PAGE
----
Written by Keryn O’Neill MA, PGCertEdPsych, Knowledge Manager
Adolescence begins at puberty and ends in the early to mid-20s, so we are not just talking about teenagers. It is an important period of development and change; physically and emotionally. Adolescent brains are changing rapidly, making them more affected by what they are experiencing than they would be as adults. One factor that can affect development during this time, is the use of alcohol and other drugs, including cannabis and methamphetamine.
Although these substances differ in their specific effects on the body, including the brain, research indicates there are a number of things in common when it comes to understanding the impact of alcohol and drugs during adolescence.
Rangatahi are affected differently to adults
- The adolescent brain is more vulnerable to the effects of substances, including alcohol, cannabis and methamphetamine
- Adolescent drinking and drug use can affect their functioning and brain development, not only at the time but also into adulthood
- If an adolescent and an adult drink the same amount, the adolescent is more likely to be harmed by it
Some rangatahi are more vulnerable than others
Some things that make rangatahi more vulnerable to harm from substance use are:
- A family history of alcohol or other drug issues
- Having experienced maltreatment, including family violence and sexual abuse
- Family history of mental illness (e.g. those with a genetic risk of schizophrenia may be more impacted by cannabis use)
If we know teens are vulnerable, for whatever reason, it’s even more important that they wait until after adolescence before using alcohol or other drugs.
Lowering the risk
- Although many rangatahi experiment, particularly with alcohol, and do not develop serious issues, the safest option is to avoid alcohol and drug use during adolescence, while the brain is developing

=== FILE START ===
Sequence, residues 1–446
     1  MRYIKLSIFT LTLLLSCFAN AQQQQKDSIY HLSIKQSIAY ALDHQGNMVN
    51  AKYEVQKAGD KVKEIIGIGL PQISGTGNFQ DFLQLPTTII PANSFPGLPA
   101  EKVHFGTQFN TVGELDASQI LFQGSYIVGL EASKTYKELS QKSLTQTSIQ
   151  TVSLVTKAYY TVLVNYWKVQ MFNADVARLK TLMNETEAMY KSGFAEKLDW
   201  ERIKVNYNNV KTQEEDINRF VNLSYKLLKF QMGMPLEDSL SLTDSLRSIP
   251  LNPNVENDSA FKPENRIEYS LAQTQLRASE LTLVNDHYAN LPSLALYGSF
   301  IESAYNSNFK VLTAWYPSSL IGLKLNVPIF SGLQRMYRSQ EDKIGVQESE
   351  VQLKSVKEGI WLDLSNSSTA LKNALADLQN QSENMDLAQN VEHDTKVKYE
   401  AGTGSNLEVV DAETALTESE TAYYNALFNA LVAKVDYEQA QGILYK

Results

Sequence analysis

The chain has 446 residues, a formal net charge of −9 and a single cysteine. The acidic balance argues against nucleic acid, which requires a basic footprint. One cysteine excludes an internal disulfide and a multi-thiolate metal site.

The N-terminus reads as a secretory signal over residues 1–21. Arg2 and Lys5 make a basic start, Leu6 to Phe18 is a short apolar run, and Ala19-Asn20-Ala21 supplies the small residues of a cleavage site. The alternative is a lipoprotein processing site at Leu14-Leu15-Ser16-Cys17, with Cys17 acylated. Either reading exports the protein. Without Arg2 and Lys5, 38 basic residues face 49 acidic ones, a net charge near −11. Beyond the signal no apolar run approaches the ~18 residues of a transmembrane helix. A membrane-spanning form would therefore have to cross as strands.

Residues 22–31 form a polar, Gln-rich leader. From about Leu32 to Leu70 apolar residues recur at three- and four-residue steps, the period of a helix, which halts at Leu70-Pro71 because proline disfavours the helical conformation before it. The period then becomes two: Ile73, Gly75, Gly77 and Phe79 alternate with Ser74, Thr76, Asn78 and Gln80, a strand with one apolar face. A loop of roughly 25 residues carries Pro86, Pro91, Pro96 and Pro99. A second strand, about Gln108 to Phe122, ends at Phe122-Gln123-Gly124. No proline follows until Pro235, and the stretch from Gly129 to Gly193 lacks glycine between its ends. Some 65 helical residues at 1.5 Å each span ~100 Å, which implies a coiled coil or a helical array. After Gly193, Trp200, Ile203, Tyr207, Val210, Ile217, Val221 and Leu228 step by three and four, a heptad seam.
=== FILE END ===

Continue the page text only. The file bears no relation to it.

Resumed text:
- For those who’ve already begun, stopping or cutting down their alcohol or drug use can lower the risks
The next generation
If rangatahi become hapū, using alcohol or other drugs can also seriously harm their unborn pēpi.
According to research, there is no known safe time, nor safe amount of exposure to alcohol and other recreational drugs during pregnancy.
The role of parents and whānau
- Adolescent attitudes and behaviour towards alcohol and other drugs are influenced by the attitudes and behaviour of adults around them
- The younger tamariki or rangatahi are when they start drinking (even sips of alcohol), the greater the risk of alcohol and other substance issues in adulthood
- Delaying the age at which young people start to drink alcohol reduces the risk of alcohol related problems; every extra year that rangatahi wait, lessens the chance of later problems.
To sum up
- Adolescence is an important period of development, including physical, social, emotional and brain changes
- Experiences that rangatahi have during this time can have lasting effects on their future, in many ways
- Alcohol, and other drug use, during adolescence can be harmful to their development
- Delaying the age at which rangatahi begin drinking lowers the risk of alcohol-related problems.
Risk & protective factors: A quick snapshot https://brainwave.org.nz/article/risk-and-protective-factors-a-quick-snapshot/
Want to know more?
See these articles:
Short term highs, long term risks? https://brainwave.org.nz/article/short-term-highs-long-term-risks/
Rethinking teen drinking https://brainwave.org.nz/article/rethinking-teen-drinking/
The adolescent brain & alcohol https://brainwave.org.nz/article/the-adolescent-brain-and-alcohol/
Drinking for two https://brainwave.org.nz/article/drinking-for-two-how-alcohol-in-pregnancy-affects-the-developing-child/